Review: “The Revolutionary” profiles a key founding father

“Revolutionary: Samuel Adams” by Stacey Schiff (Little, Brown and Co.) In addition to the beer of the same name, Samuel Adams has many…

The Revolutionary: Samuel Adams by Stacey Schiff (Little, Brown and Co.)

Aside from the beer of the same name, Samuel Adams feels like a forgotten founding father in many ways. Despite his contribution, a biography of him was not written until six decades after his death, and a statue was not erected until the centenary of the revolution.

In The Revolutionary, historian Stacey Schiff seeks to remedy that with a biography detailing Adams’ role in inspiring the Revolution.

Schiff creates a detailed account of the role Adams played in a crucial part of the Revolution, not on the battlefield, but in winning hearts and minds to the cause of independence.

From his role in the Tea Party to the protests against the Stamp Act, Schiff is helping to expand the shelf of biographies of the founding fathers that shape popular culture.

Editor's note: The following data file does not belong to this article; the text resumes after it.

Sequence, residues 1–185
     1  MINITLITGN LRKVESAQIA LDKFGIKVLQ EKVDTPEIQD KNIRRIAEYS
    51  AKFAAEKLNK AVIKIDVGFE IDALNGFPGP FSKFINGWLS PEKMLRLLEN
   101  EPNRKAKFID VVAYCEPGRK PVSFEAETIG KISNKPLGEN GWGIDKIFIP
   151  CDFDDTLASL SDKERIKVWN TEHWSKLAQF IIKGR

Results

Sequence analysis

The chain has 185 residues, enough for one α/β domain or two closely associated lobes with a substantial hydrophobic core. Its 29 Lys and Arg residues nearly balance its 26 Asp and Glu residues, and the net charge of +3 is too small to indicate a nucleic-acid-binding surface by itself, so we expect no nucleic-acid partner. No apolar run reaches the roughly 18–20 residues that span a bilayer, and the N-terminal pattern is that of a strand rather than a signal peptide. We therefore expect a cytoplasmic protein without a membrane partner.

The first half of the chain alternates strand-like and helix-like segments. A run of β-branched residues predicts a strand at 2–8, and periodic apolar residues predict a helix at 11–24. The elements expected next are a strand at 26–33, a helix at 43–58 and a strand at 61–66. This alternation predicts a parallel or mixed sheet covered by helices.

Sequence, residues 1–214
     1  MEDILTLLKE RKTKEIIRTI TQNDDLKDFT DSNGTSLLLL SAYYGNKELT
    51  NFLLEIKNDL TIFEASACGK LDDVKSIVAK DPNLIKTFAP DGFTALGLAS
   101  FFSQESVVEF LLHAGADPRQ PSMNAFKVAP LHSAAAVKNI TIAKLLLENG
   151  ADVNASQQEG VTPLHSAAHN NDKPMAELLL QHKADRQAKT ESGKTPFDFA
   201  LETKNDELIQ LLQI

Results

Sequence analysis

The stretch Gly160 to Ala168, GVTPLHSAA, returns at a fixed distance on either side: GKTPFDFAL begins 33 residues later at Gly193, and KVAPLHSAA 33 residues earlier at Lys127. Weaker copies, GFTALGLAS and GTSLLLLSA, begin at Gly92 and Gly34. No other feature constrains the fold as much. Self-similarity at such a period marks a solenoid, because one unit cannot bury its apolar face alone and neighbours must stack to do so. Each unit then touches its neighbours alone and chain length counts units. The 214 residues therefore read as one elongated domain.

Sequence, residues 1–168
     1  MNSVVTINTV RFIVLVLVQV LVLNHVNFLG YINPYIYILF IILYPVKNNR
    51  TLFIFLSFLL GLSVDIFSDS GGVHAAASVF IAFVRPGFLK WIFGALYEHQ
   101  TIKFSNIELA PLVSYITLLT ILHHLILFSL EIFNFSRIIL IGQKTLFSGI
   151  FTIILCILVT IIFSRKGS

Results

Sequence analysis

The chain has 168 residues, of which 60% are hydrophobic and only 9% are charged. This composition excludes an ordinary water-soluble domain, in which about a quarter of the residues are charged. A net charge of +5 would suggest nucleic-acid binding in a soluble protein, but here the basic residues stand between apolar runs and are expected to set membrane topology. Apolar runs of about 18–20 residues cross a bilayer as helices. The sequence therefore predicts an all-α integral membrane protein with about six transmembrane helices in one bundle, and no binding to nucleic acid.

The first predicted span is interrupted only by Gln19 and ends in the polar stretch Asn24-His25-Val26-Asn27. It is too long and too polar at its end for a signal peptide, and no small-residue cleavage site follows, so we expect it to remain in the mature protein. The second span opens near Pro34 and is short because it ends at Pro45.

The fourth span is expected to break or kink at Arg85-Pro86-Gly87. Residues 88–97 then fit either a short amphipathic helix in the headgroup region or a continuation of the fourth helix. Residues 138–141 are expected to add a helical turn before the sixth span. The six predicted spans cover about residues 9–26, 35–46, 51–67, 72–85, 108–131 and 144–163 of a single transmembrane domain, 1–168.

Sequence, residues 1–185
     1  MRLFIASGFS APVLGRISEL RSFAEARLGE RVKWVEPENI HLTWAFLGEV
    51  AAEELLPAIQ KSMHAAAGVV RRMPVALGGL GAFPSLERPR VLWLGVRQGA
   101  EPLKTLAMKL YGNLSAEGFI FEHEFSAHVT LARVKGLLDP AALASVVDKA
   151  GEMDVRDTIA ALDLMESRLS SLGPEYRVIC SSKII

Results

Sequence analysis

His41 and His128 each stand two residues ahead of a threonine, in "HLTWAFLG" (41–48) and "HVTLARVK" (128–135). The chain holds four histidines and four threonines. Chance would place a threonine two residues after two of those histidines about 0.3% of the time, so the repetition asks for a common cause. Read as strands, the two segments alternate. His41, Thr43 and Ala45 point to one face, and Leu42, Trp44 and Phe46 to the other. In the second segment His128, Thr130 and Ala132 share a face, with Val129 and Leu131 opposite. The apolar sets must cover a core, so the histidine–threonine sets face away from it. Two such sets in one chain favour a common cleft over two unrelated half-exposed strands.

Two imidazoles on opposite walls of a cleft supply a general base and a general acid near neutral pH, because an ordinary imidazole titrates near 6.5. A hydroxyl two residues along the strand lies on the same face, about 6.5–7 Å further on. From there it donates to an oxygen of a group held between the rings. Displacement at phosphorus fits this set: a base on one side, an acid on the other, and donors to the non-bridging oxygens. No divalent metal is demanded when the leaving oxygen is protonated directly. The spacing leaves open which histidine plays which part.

Early in the book, Schiff takes one of the most outdated moments in American history—Paul Revere’s famous trip north in 1775—and makes it feel new again. She describes how the trip was to warn Adams that he was about to be arrested for treason.

She also explores how and why Adams, despite ​​his pivotal role, disappeared from the public imagination in the years after his death. It describes how he was seen as someone more interested in the ideas that inspired the revolution than the institutions that followed it.

As Schiff describes it, Adams “helped build the intellectual architecture of the republic but had neither the talent nor the interest in its political design.” It’s hard to walk away from Schiff’s book without a new appreciation of just how important this role was to the birth of a nation.

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